Nature Beats Nurture

An interesting post from Vox Nature beats nurture

The “Blank Slate” theory is dead. It was never anything but political philosophy and science killed it. Every nominal justification for human equality is being gradually eliminated, one by one, as scientists revisit hypotheses that have long been passed off as pseudoscientific facts.

This is true. The left twists science so that it agrees with their ideology. The left believes in Darwinism – but in reverse, or survival of the un-fittest. Taking tax payer dollars from the most productive and frittering it away on the least. The left can’t stomach the idea that some people are intrinsically better than others, so they want the state to create equal outcomes, even if it makes everyone worse-off.

According to the left, if some groups fall behind, it’s those evil greedy rich people’s fault for holding them back, never genes.

This delusional belief in the perfectibility of man motivates people to support ineffective social programs that run headlong into the limitations imposed by biology. This is related to the success of Malcom Gladwell, who sells an appealing message that anyone, with enough practice and the alignment of other environmental factors, can covet the skills of geniuses. See, Bill Gates didn’t succeed because of a high-IQ, it was 10,000 hours of practice, and you have the potential to, too.

And then you have others in the pop-psychology community – the likes of Nassim Taleb and Daniel Kahneman, to name a few – who try a different approach, leveling, arguing that smart people are no more rational than less intelligent people. For example, if a smart person falls for the conjunction fallacy, according to these authors, he is no smarter than someone who doesn’t. This ‘leveling’ is intended to diminish the importance of IQ, in agreement with leftist egalitarianism.

I suspect that those equalitarians who claim to believe that a meritocracy is the best of all possible systems are going to rapidly change their tune once it becomes apparent that material merit is predominantly genetic in origin. Because in a post-Christian world of scientific rational materialism, there is no way that a meritocratic approach will not eventually lead to Eugenics 2.0.

But the equalitarians (who want equal outcomes) by definition are opposed to the meritocracy (outcomes based on competence, results, etc). They are not interchangeable, but are exact opposites.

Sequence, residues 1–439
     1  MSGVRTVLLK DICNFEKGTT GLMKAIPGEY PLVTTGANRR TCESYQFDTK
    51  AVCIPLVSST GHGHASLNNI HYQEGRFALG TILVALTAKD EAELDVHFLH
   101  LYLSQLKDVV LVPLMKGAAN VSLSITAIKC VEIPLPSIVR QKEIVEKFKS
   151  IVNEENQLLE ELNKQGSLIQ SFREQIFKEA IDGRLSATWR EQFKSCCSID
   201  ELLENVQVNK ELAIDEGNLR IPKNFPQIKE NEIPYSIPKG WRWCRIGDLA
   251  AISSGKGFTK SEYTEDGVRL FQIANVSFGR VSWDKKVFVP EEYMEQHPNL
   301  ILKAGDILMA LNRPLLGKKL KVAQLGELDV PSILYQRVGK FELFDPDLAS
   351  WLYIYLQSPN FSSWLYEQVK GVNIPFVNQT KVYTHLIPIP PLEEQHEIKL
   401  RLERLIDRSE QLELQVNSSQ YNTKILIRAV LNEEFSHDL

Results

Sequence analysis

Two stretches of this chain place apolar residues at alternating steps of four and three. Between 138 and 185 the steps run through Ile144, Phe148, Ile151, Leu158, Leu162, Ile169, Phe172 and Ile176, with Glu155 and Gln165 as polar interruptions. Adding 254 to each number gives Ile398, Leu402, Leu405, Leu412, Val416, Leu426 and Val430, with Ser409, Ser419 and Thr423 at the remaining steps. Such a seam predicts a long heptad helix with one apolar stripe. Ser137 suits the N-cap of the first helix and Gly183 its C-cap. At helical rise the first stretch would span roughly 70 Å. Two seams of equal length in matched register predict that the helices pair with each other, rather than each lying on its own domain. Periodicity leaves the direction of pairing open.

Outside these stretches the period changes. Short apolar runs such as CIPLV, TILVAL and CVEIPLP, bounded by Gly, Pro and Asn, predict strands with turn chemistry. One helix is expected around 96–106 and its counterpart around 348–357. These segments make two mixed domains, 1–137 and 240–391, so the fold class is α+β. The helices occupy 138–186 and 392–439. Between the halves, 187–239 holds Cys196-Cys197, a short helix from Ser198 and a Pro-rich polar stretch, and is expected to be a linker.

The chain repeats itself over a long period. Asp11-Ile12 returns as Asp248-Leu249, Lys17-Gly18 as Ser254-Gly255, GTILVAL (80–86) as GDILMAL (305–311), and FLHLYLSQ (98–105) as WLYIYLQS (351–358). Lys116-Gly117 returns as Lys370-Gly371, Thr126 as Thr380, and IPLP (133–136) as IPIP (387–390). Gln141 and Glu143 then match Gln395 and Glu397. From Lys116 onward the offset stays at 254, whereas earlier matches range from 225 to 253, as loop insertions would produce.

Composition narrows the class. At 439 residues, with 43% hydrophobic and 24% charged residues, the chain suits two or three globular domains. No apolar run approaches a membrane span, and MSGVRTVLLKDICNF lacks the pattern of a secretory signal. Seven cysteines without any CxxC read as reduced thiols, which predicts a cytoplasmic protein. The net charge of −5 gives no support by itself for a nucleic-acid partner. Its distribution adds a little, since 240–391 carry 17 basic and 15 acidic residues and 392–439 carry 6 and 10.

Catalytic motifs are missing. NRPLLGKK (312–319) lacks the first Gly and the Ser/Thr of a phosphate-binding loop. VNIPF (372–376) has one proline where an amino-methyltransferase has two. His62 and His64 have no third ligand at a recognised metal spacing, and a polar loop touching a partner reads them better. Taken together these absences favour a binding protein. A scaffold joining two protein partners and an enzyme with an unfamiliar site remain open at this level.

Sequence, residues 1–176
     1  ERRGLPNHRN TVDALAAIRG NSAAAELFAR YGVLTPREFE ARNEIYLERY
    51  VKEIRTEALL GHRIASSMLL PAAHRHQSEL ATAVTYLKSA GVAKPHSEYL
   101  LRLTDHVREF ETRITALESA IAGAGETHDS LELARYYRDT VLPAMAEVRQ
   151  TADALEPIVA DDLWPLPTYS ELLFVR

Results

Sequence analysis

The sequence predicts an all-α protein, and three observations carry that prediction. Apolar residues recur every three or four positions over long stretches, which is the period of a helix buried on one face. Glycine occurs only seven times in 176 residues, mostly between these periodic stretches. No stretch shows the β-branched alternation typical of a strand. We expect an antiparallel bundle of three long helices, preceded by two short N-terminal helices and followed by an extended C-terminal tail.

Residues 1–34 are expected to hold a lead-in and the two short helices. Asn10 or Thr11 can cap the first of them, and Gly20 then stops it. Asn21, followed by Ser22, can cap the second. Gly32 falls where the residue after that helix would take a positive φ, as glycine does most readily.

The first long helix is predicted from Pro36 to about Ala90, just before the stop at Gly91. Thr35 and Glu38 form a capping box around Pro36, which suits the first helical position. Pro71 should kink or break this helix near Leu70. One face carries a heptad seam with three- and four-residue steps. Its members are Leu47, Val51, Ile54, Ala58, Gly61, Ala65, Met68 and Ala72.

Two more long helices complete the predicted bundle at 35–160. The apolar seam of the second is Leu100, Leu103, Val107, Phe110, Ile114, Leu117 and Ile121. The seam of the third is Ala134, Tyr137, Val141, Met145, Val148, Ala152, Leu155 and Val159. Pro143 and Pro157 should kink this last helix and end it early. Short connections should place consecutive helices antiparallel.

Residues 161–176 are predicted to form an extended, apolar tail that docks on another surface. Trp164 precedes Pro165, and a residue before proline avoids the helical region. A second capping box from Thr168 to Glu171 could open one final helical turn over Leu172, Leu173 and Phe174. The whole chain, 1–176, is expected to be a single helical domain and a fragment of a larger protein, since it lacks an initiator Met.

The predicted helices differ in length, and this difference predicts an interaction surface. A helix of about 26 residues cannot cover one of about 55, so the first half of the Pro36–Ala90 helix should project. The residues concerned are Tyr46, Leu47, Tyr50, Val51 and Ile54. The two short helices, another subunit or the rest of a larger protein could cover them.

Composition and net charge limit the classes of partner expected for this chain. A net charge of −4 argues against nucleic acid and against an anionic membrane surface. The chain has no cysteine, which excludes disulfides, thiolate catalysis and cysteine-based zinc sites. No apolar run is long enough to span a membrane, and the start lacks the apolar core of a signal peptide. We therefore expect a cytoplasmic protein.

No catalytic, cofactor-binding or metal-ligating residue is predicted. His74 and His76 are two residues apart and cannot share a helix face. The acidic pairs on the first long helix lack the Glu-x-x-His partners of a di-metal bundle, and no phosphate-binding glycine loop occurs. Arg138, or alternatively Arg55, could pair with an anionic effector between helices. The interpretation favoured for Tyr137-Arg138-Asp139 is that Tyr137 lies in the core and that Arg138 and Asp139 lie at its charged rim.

…material merit is predominantly genetic in origin. Because in a post-Christian world of scientific rational materialism, there is no way that a meritocratic approach will not eventually lead to Eugenics 2.0.

I think he’s over the map here. If merit is good and biological, but this leads to eugenics 2.0, how does it become bad without contradicting his first premise?

The irony is that it is the equalitarians and anti-racists who will likely cling to the concept of race. Now that genetics gives us far more precise metrics, the new eugenicists won’t have to pay any attention to race at all in order to achieve their desired results. And they can claim, quite truthfully, that their policies are race- and color-blind. For example, if variants of the MAO-A, DAT1, and DRD2 genes are deemed to be unsuitable for an occupation, those possessing the unwanted genetic markers can be banned with absolutely no reference to race at all.

Eugenics isn’t exclusively about big categories like race; it’s about genes, in choosing which genes we want passed and which ones we don’t.

Eugenics does not have to be dystopian sci-fi trope Vox makes it out to be. To some extent, positive eugenics is already occurring today though assortative mating; second, negative eugenics offers a possible solution to the entitlement spending problem, as well as other problems like crime.

Employers should be able to request a genomic profile of prospective employees in order to choose candidates that are not only the most qualified based on biology, but will be less of a drain due to future health problems that can be identified through the profile. If someone’s profile shows a very high risk of early-onset dementia or heart disease, you may think twice before hiring him if there is an equally qualified candidate without such problems.

Vox seems conflicted in having to choose between believing HBD and then opposing eugenics and other HBD-based programs.

Related: The IQ Wars

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